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The oldest man in the world, Salustiano “Shorty” Sanchez, of Grand Island, died Friday at Riverwood Health Care Center at the age of 112.

Mr. Sanchez – whose long life would take him from the sugar cane fields of Cuba to the coal mines of Kentucky before he settled down in Niagara Falls – ascended to top of the Guinness World Records list following the death of 116-year-old Jiroemon Kimura of Japan on June 12.

A private service and interment will be held in Gate of Heaven Cemetery in Lewiston at the convenience of the family.

Mr. Sanchez was born in the Spanish village of El Tejado de Bejar on June 8, 1901.

He left school at age 10, and as a young man had the talent for playing a Spanish wind instrument known as the dulzania. At 17, Mr. Sanchez, an older brother and some friends left Spain for Cuba, where they worked in sugar cane fields.

Mr. Sanchez came to the United States through Ellis Island in August 1920, and found his way to Lynch, Ky., where he was hired as a coal miner. In the early 1930s, Mr. Sanchez headed north to Niagara Falls, where he settled down and married Pearl Chiasera on April 7, 1934.

Mr. Sanchez worked for Scrufari Construction Co., and later Union Carbide, where he was employed for more than 30 years.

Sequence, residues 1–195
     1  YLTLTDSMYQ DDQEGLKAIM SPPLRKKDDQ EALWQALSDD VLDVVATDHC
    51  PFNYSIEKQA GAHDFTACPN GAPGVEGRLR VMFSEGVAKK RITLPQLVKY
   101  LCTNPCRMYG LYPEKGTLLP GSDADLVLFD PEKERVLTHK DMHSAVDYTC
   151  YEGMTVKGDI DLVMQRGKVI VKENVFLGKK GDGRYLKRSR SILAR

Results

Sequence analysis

Affectionately known to family and friends as “Shorty,” Mr. Sanchez enjoyed gardening, taking long walks, doing crossword puzzles and playing gin rummy. He was a former member of the Spanish Club of Niagara Falls.

He and his wife were married 54 years before she died in 1988.

After her death, Mr. Sanchez lived with his daughter, Irene Johnson of Grand Island, until 2007, when he moved to the nursing home.

He attributed his good health to eating a banana and taking six Anacin tablets each day. But when Mr. Sanchez was certified as the oldest man by Guinness, he took his newfound fame in stride.

“He says, ‘I’m an old man and let’s leave it at that,’ ” his daughter told the Associated Press in July.

Guinness says the oldest person in the world is a woman, 115-year-old Misao Okawa of Japan, the AP reported. Arturo Licata, 111, of Italy, is now the leading candidate to be officially recognized by Guinness as the current world’s oldest man, according to Robert Young, senior gerontology consultant with Guinness World Records. Guinness will make a pronouncement on Licata at a later date.

Besides his daughter, Mr. Sanchez is survived by a son, John; seven grandchildren; 15 great-grandchildren; and five great-great grandchildren.

The Associated Press contributed to this report.email: jrey@buffnews.com